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Docker-compose prepends directory name to named volumes


(Jamiejackson) #1

Expectation

I would expect docker-compose-defined volumes to behave the same way as docker run-defined volumes.

Specifically, I would expect docker-compose-defined volumes to have the name I give them.

Actual Behavior

What actually happens is that the named volume gets prepended with (a simplified version of) the directory name from which the docker-compose command was run.

For instance, if I run from the deployment_root directory, and I name the volume my_named_vol, then I end up with a volume named deploymentroot_my_named_vol.

If this “is not a bug,” please explain the rationale.

Info & Steps to Reproduce

docker-compose-named-volume.yml:

version: '3'
services:

  solr:
    image: alpine:3.5
    container_name: foo
    volumes:
      - my_named_vol:/opt/foo
volumes:
  my_named_vol:

Result:

jjackson$ sw_vers && docker -v
ProductName:	Mac OS X
ProductVersion:	10.12.4
BuildVersion:	16E195
Docker version 17.03.1-ce, build c6d412e

jjackson$ docker-compose -f docker-compose-named-volume.yml up -d && \
>   echo "## named volume:" && \
>   docker volume ls | grep my_named_vol && \
>   echo "## stop" && \
>   docker-compose -f docker-compose-named-volume.yml down && \
>   echo "## rm volume" && \
>   docker volume rm $(docker volume ls | grep my_named_vol | awk '{print $2}')
Creating network "deploymentroot_default" with the default driver
Creating volume "deploymentroot_my_named_vol" with default driver
Creating foo
## named volume:
local               deploymentroot_my_named_vol
## stop
Removing foo ... done
Removing network deploymentroot_default
## rm volume
deploymentroot_my_named_vol

(Sheogorath) #2

It’s not a bug.

docker-compose uses a project name. By default it’s the directory name which prevents collisions with existing containers.

But you can use -p to change the prefix name.


(Jamiejackson) #3

Okay, got it. Thanks.


(Tnelis) #4

You can use the external volume setting to avoid the prefix.


Disable Compose v2 creates a volume whose name is prefixed with your project name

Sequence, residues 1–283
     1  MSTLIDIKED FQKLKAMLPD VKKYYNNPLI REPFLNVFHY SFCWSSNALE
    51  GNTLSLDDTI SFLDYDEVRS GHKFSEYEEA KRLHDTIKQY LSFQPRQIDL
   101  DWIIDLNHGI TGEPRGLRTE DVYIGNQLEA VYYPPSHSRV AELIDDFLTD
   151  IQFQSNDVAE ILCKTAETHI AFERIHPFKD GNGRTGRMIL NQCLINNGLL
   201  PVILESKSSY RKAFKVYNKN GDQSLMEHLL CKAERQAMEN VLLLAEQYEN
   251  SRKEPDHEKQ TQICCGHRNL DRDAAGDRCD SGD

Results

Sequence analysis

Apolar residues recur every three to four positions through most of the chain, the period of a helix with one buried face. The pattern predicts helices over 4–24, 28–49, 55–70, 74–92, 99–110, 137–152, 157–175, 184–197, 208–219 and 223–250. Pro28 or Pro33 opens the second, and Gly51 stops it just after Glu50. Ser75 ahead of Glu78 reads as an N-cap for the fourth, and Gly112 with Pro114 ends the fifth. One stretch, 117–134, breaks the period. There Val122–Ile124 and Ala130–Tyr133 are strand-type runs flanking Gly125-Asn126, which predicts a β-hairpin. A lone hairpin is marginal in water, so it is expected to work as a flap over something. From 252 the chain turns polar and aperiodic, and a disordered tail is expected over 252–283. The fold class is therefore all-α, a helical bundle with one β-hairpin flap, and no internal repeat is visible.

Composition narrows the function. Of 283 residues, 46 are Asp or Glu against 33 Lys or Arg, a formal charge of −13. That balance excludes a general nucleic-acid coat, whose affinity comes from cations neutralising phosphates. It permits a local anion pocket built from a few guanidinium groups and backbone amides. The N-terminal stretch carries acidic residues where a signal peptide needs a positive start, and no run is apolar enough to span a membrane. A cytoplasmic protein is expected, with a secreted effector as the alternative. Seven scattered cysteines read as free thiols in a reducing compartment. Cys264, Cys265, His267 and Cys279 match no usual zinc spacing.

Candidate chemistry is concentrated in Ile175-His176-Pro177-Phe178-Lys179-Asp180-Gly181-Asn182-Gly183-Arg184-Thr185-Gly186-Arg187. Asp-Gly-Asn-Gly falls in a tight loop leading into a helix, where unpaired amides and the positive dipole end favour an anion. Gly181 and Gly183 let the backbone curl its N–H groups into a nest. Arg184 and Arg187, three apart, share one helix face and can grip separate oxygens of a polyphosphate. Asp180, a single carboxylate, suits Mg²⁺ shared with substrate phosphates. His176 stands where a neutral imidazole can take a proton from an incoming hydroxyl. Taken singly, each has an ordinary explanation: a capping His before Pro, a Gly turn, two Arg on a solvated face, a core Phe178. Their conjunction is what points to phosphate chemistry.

(Jamiejackson) #5

Now that I know these things about how it works, I’d like to know why it’s done this way.

If I specify a volume name, that’s the name I want it to have. I don’t want it to arbitrarily have a prefix (whether that’s the completely arbitrary seeming current directory, or whether it’s some contrived prefix I must give it–since -p "" doesn’t seem to work). @tnelis’s external suggestion is good to know about, but I do want docker-compose to set up my volumes.

So what’s the rationale for this project stuff? It seems presumptuous, but maybe I just haven’t stumbled on something that makes it all clear yet.


(Tnelis) #6

I personally find it rather useful on our QA boxes we use for CI for example, where we deploy many service compositions of the same codebase. Each uses a different project name so out-of-the-box the volumes never conflict. More generally it also makes them easier to recognize just like every other resource created by docker-compose (networks, containers, …). Not doing it this way would be quite inconsistent IMO.


(Jamiejackson) #7

@tnelis, are you explicit about the project names (-p), or do you have some kind of directory structure that informs the naming?


(Tnelis) #8

Depends on the situation, in most cases on development boxes the directory will be a good heuristic. When they aren’t we usually have small scripts we can source to set up the shell environment so we don’t have to type the -p option all the time.

In the case of the CI system I mentioned previously, we really do want to specify the project name explicitly since it will contain a high-entropy string to ensure the name doesn’t conflict. We do this with the COMPOSE_PROJECT_NAME environment variable which is more convenient for us in those procedures, though the semantics are exactly the same as the -p option.


(R2h2) #9

It would be great to have full control, i.e. suppress the prefix completely. Currently this is possible with neither -p nor COMPOSE_PROJECT_NAME.

Rationale: I am converting a lot of deployments from scripts using docker run to compose.